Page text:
group magazine: July-August, 2011
THE ADOLESCENT JOURNEY
WHAT IT IS: An academic book that explores the theological underpinnings for helping teenagers become adults.
THE SCOOP: Author Amy E. Jacober offers youth workers a deeper understanding of adolescent development and equips them with a solid theological framework for their work. She unpacks three main insights in the book.
First, youth workers need to be bilingual—familiar with both social psychology and theology. We must become fluent in youth culture as well as theology, integrating the two in order to relate with teenagers effectively. Second, youth workers must recognize the three intertwined strands of existence (individual, communal, and eternal) and minister to each aspect in a teenager's life. Third, we must understand that teenagers aren't transformed by our efforts or programs but by the power of Christ. It's our job to join God in his work by loving kids and pursuing justice in community and mercy for eternity.
While the book is well-researched and rich in content, it's an academic read. I wish there were more stories to make the theories come alive.
AVAILABLE FROM: InterVarsity Press, ivpress.com
REVIEWER: Kevin Mahaffey, Jr. has 16 years of youth ministry experience.
GLOBAL YOUTH MINISTRY
WHAT IT IS: A textbook that transcends the genre, primarily written by youth ministry specialists around the world and edited by two North American ministry heavyweights.
THE SCOOP: If you buy into the idea that all youth ministry is contextual—I mean, that all of us are working to plant an outpost for the gospel of Jesus Christ in a particular setting in a particular time for a particular people—then Global Youth Ministry is a goldmine of thinking and ideas and encouragement. Written by a killer group of "in the trenches" global youth ministry leaders including Jonny Baker (UK), the Rev. Mark Tittley (South Africa), the Rev. Jacob G. Isaac (India), and Beth Baleke (Uganda), general editors Terry Linhart (Bethel College) and David Livermore (president of the Cultural Intelligence Center) have constructed a book full of diverse perspectives that somehow speaks with one voice. The stories, illustrations, and strategies embedded in this textbook make it a compelling mix of academic research and pragmatism. For years the rest of the world has looked to North America as a youth ministry mentor, but the tide is turning.
AVAILABLE FROM: Zondervan/Youth Specialties, youthspecialties.com
REVIEWER: Rick Lawrence has been editor of GROUP for 23 years.
THE VOLUNTEER'S FIELD GUIDE TO YOUTH MINISTRY
WHAT IT IS: An extremely practical book for volunteer youth leaders—whether in a helping role or the top dog.
THE SCOOP: Congratulations. You've landed a spot on Survivor: Church World. You must build a youth ministry out of sticks, seaweed, and other contestants. Pack the Field Guide and you'll do just fine. Kageler is as relational as he is practical—advising volunteer youth workers and having fun with the "field guide" theme through six conversationally written parts: The Terrain: You—focuses on your personality and spiritual gifts; The Terrain: The "Field" of Youth Work—targets your purpose; The Wildlife: Teenagers—covers your "cerebral upgrade," discipline, teaching, and counseling youth; The Wildlife: Parents—no explanation necessary; The Wildlife: Other Volunteers—is for both primary and assistant youth workers; The Wildlife: Those Above—is about understanding and working with your pastor and church board.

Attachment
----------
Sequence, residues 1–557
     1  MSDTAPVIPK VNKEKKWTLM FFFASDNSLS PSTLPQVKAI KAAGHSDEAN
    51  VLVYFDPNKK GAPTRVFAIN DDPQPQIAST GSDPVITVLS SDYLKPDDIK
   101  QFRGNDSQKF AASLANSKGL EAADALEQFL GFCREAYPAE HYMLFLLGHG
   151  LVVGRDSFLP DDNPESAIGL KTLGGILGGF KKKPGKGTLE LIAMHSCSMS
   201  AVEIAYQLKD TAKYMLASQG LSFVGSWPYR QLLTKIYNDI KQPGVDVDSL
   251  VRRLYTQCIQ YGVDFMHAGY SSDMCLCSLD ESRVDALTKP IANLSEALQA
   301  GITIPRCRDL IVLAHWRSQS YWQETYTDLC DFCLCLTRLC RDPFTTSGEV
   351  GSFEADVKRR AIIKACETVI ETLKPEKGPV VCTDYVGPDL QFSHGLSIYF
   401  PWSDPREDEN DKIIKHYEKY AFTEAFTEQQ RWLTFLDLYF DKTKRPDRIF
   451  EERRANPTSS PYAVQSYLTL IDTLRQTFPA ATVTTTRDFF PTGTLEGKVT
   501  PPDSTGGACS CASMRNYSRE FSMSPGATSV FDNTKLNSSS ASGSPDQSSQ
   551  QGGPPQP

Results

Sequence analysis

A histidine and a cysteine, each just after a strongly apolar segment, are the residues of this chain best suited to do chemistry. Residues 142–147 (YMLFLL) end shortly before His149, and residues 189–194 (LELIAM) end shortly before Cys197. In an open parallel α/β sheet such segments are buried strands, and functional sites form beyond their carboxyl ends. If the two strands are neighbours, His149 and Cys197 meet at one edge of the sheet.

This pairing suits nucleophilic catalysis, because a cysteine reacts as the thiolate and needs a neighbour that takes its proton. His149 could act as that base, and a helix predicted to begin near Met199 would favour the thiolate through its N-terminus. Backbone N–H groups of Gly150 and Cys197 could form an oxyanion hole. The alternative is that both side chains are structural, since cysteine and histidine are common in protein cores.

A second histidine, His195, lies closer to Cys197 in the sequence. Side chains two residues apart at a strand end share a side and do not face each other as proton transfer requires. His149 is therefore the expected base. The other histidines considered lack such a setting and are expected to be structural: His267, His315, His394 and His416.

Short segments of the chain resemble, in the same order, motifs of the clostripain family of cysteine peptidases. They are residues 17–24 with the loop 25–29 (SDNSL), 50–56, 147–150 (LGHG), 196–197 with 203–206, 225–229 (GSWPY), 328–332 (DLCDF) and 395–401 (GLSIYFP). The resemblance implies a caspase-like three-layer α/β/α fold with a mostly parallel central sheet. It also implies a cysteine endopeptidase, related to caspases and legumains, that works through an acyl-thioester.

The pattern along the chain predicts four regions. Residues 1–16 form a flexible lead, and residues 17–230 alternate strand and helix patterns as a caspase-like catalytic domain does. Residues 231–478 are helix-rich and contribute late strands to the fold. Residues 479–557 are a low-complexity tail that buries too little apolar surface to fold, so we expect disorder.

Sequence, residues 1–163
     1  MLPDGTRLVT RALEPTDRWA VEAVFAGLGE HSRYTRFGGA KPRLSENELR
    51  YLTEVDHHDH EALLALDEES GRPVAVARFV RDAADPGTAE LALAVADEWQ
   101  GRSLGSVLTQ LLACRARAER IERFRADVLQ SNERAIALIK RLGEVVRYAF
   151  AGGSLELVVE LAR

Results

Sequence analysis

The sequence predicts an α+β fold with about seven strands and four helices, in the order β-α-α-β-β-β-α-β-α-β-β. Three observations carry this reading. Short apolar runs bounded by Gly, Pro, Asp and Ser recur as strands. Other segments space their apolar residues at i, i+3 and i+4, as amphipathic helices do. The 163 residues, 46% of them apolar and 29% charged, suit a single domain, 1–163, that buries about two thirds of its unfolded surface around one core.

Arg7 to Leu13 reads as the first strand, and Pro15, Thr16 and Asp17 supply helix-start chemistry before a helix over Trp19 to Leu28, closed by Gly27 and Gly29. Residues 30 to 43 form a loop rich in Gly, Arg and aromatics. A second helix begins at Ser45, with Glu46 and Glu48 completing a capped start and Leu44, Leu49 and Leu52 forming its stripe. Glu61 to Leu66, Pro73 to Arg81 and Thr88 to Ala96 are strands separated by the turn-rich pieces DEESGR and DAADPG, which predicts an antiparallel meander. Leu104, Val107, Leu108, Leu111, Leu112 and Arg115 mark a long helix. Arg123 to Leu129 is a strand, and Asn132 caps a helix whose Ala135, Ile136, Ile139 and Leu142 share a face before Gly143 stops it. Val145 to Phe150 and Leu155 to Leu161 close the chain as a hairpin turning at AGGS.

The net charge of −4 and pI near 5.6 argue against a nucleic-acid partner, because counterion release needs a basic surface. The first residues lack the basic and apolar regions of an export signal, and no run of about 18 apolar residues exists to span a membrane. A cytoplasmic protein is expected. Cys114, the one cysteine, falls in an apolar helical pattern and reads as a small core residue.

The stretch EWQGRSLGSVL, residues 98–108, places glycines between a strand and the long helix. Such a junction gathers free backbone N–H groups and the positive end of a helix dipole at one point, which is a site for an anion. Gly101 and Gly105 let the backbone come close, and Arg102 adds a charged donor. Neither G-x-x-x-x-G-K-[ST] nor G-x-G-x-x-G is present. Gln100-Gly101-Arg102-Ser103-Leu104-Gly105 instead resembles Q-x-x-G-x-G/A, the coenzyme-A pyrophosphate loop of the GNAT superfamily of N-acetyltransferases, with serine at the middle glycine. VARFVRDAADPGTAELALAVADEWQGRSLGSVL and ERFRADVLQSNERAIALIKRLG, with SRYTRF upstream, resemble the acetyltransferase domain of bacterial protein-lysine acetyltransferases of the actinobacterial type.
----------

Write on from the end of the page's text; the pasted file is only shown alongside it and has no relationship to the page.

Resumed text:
This is easily one of the most helpful books I've read—in fact, paid part-time youth leaders should read this book, too.
AVAILABLE FROM: Simply Youth Ministry, simplyyouthministry.com
Reviewer: Danette Matty has 25 years of youth ministry experience.
THE INDISPENSABLE YOUTH PASTOR
WHAT IT IS: A candid, inside look at youth Aministry that prepares youth pastors—old or young—to find, keep, and love their job.
THE SCOOP: Youth ministry veterans Mark DeVries and Jeff Dunn-Rankin seem to understand that many youth pastors have a severe case of ADHD—the book is divided into three "How To" sections (Landing, Locking-In, and Loving Your Youth Ministry Job), which are then divided into concise and easy-to-read chapters (3-4 pages max). They encompass nearly every challenge a youth pastor might encounter. The authors cover important ministry aspects from beginning to end—all the while drawing from their own practical ministry experiences, scriptures, and the struggles and successes of others. They're brutally honest, but it's tempered with humor—with chapter titles including "How to Tell If a Search Committee Is Lying," and "Congratulations, You're a Politician."
At the risk of sounding hyper-spiritual, I would've liked a little more scripture reference, though it's evident these guys are biblically grounded and don't stray from that commitment in their writing. But you'd be hard-pressed to find two more wisely pragmatic guides through the sometimes-chaotic jungles of youth ministry.
AVAILABLE FROM: Simply Youth Ministry, simplyyouthministry.com
REVIEWER: Eric Ebbinghaus has 11 years of youth ministry experience.
TEEN TO TEEN
Edited by Teen Mania founders Ron and Katie Luce, these 145 devotions are written by teenagers and young adults, and provide advice and encouragement on how to stay faithful through the teen years.